The data SCORE collected highlighted:
Small businesses that use marketing analytics show increased profits and marketing return on investment. Their top three priorities include:
- 73 percent: To find new customers
- 67 percent: To retain existing customers
- 65 percent: To improve the current customer experience
Just over half of small business owners believe that marketing analytics are critical and use the following types of analytics:
- 83 percent: Email marketing reports
- 64 percent: Website analytics
- 52 percent: Social media analytics
The most commonly used metrics to track and measure the efficacy of their marketing efforts are:
- 52 percent: Email clicks, response and conversion rates
- 51 percent: Website page views, time on site/page and registrations
- 42 percent: Volume, quality and origin of web traffic
However, it is also interesting to note that the SCORE report also found that only 45 percent of small businesses track marketing analytics. Those that don’t cited the following reasons for not doing so:
- 42 percent: Time restraints
- 28 percent: Lack of knowledge
- 22 percent: Prohibitive costs
Like Edelman, fellow McKinsey executive Matt Ariker, chief operating officer of the company’s Consumer Marketing Analytics Center, has been vocal about the impact of marketing data on current practices. Ariker and other marketing analysts worry about the kind of pattern that the SCORE report highlights in finding that close to half of the business that use marketing analytics don’t even track the impact. While the positives of using marketing analytics abound, it still breaks down to two important questions: Does marketing analytics improve profits or return on investment? And are companies using marketing analytics effectively?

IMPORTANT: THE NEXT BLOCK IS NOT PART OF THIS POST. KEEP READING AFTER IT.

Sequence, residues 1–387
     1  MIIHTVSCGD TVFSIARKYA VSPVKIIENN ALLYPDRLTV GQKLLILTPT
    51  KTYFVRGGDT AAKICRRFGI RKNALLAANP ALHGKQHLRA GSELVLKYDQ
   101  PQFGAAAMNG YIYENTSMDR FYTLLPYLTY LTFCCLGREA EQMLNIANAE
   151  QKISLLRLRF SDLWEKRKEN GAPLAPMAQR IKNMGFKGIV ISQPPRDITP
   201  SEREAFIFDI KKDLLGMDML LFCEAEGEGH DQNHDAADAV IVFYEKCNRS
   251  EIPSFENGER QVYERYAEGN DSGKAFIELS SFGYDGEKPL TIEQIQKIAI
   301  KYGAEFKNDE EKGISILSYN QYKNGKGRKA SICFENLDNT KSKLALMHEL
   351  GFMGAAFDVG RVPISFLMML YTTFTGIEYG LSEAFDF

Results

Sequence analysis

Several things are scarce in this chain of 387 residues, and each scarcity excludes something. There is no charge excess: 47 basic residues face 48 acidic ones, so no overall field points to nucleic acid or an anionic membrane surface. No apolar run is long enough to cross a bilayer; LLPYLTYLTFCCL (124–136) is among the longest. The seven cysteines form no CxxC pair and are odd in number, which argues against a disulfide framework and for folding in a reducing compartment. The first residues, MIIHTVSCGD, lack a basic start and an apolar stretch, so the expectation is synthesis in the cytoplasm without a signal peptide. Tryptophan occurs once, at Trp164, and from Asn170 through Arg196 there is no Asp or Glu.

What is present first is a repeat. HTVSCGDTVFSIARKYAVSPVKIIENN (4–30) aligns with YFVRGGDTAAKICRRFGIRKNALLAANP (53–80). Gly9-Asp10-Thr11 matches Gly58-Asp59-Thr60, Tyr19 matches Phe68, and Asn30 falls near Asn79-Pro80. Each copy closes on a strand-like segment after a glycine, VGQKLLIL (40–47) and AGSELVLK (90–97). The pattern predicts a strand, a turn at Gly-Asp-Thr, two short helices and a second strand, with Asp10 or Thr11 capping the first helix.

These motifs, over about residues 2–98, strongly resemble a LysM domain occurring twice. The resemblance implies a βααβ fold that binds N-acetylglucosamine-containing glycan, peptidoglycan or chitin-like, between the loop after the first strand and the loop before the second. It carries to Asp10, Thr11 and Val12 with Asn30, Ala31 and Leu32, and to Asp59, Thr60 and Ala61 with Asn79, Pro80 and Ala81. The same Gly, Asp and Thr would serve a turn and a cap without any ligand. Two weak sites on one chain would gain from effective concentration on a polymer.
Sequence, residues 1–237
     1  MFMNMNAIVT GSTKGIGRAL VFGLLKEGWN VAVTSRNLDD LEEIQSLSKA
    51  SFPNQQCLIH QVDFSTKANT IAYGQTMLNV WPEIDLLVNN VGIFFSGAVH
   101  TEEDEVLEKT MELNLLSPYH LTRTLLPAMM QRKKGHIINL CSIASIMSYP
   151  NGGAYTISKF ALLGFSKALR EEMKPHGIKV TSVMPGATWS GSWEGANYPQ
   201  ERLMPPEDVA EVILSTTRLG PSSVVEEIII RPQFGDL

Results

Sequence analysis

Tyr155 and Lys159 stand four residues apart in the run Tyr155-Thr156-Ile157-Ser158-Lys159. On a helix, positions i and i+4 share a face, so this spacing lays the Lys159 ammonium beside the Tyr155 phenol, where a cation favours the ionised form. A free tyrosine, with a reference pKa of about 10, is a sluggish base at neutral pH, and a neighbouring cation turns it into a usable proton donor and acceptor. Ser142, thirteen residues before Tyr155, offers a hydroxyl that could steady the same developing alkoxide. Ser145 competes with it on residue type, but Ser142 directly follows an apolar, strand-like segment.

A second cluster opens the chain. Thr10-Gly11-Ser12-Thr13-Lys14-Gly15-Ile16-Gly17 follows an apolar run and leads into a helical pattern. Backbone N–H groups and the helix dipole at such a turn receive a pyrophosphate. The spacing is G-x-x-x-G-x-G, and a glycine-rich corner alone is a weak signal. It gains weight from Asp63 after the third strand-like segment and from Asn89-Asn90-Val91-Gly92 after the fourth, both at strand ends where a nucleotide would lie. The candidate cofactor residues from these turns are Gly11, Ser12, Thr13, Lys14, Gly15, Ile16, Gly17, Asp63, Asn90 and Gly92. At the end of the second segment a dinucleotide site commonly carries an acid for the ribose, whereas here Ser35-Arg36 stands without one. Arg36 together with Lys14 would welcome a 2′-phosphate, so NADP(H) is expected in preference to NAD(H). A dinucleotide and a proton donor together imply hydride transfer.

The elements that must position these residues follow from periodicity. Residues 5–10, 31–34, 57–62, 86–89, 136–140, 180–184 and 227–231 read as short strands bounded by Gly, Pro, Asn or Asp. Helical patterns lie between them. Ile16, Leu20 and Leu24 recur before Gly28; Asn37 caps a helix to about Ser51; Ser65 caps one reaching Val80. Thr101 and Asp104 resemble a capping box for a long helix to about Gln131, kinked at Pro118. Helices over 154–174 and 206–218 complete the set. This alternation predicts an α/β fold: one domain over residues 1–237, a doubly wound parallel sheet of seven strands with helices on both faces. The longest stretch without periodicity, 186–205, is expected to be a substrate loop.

Ariker voices a word to the wise about marketing analytics strategies by cautioning against what he calls a “peanut butter” approach — spreading the data around to change all aspects of marketing strategy.
According to Ariker, this often results in a poorly-defined strategy of how to use marketing analytics throughout the company, lack of focus on what works the best and how to apply that successfully to company practices. His best bet is to use analytics for one or two marketing activities at first, and expand from there.
He suggests the best way to choose where to start is to focus on areas that have the highest expected impact, the time necessary to develop and put changes in place and fit in with current business strategy. It is also important to consider potential impact on customer perception, the internal capabilities to handle marketing strategy changes and the potential obstacles to using analytics successfully.
Ultimately, he concludes that marketing analytics can have a big impact on a company’s growth, but if owners and executives cannot figure out how to use them effectively for their business they can end up being just another expense eating into the bottom line with little pay off at the end.